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NC sexual assault reforms pass unanimously, await governor’s signature

by Kate Martin | Carolina Public Press  |  Published on November 1, 2019

RALEIGH, N.C. — A wide-ranging package of legislation reforming sexual assault laws passed both chambers of the General Assembly unanimously Thursday, with two measures closing decades-old legal loopholes on the definition of rape that set North Carolina apart.

The Senate passed Senate Bill 199 49-0 Thursday morning. The House voted 108-0 Thursday afternoon.

The package was hammered out over the last week in conference committee and had wide bipartisan support, despite related measures failing in committee in recent sessions of the legislature.

Two of the key measures, revocation of consent and sex with someone who was incapacitated due to alcohol or drugs, corrected loopholes in North Carolina due to old court precedents, which were strongly featured in the Seeking Conviction series examining the prosecution of sexual assault crimes in the state, which Carolina Public Press and a collaboration of 10 statewide media partners produced in March.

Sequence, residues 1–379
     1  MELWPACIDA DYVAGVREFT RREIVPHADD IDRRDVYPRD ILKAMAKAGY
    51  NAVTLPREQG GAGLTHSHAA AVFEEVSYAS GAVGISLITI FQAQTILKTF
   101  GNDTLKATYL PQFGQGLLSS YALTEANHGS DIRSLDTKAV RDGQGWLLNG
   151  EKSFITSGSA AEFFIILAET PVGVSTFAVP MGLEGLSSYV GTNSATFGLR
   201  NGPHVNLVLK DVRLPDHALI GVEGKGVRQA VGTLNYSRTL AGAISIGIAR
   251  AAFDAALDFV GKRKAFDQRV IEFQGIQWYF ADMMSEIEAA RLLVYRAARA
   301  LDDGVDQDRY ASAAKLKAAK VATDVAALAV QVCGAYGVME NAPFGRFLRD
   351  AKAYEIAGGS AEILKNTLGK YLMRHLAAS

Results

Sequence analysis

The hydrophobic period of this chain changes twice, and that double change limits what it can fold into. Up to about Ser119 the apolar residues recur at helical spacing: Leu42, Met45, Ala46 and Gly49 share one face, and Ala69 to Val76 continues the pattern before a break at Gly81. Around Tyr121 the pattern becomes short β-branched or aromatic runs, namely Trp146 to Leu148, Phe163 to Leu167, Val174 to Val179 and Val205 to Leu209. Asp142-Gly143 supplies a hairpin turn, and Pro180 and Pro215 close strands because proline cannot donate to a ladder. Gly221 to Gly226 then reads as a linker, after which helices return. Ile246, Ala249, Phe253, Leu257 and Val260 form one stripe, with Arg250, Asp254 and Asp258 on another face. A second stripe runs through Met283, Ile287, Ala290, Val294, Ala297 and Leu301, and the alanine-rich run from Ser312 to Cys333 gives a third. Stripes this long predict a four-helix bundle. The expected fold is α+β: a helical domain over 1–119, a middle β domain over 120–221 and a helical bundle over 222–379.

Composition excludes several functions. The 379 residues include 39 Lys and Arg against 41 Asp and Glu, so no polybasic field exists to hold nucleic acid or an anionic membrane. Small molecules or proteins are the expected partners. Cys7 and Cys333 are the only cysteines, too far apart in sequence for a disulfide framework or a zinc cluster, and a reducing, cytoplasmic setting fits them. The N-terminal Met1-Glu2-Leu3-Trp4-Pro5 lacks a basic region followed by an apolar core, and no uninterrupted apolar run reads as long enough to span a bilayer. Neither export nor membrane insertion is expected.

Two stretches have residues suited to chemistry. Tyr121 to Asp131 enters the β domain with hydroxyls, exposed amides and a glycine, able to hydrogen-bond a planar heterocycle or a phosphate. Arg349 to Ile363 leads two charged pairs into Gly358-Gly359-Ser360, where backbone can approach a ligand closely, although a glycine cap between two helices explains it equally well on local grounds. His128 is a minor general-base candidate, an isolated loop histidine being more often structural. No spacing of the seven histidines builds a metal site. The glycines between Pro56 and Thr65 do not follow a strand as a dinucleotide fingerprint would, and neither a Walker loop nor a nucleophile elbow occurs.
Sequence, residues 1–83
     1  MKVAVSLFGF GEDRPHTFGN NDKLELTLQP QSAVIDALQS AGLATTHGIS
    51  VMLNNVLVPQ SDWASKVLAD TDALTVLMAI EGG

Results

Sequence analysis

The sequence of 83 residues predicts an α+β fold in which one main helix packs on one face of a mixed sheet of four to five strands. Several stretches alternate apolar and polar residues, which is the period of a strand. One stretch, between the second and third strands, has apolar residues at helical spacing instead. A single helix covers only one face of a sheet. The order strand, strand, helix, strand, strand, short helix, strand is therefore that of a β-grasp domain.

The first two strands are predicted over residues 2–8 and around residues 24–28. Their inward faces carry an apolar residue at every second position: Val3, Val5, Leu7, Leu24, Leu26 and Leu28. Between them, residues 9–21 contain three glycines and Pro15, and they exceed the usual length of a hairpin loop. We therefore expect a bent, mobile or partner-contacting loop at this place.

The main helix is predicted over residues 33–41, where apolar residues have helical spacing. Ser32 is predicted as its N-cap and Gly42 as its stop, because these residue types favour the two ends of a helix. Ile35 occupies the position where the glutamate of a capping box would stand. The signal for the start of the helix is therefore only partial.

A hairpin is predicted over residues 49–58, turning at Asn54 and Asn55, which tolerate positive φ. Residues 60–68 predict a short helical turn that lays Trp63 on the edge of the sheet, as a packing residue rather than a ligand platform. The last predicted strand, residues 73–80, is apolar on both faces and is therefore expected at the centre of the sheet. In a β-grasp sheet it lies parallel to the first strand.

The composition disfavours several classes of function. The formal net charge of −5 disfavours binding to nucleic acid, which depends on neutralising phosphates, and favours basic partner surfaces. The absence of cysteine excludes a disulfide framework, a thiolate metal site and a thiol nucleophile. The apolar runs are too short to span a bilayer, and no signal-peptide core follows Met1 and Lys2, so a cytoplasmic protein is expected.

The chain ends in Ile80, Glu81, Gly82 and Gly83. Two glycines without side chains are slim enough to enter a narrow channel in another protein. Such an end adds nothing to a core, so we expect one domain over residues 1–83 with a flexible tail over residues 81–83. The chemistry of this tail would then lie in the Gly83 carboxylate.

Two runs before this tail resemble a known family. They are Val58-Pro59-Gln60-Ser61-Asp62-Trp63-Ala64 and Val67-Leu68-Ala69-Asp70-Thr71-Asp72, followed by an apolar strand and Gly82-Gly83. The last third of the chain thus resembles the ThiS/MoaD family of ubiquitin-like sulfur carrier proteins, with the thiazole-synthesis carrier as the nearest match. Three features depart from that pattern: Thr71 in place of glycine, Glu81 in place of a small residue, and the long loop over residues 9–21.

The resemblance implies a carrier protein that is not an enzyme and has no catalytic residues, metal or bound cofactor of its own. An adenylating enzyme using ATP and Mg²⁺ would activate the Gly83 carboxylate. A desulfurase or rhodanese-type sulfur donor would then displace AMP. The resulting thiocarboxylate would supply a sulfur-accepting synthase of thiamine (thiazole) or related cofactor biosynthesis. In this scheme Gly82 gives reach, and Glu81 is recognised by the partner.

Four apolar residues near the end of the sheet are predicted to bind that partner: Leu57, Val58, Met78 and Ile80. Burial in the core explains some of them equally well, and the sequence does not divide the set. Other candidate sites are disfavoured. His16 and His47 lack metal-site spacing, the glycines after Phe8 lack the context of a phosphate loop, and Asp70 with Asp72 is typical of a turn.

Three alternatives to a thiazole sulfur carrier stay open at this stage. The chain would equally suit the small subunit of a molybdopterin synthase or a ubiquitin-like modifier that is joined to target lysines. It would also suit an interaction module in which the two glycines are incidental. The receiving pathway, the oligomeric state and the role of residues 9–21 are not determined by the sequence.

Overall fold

Before Thursday, North Carolina was the only state in the nation where continuing sex with someone after that person revoked consent was not considered a crime.

The legislation also increases the statute of limitation for a child sexual assault victim to sue, expands the duty of anyone over 18 to report knowledge of a sex crime against a juvenile, requires school personnel training on child sex abuse and sex trafficking, bans online conduct by high-risk sex offenders that endangers children and prohibits attempts to drug someone’s food or drink.

The measure would become law if signed by Gov. Roy Cooper.

Several of the measures in the bill had been strongly supported by North Carolina district attorneys, who said the loopholes created by precedents interfered with their ability prosecute some cases.

“There’s just an enormous amount of benefit for all of these things,” said District Attorney Ashley Welch, whose district includes the six southwestern counties of North Carolina. “This would allow us to more aggressively go after someone who engages in non-consensual (activity).”

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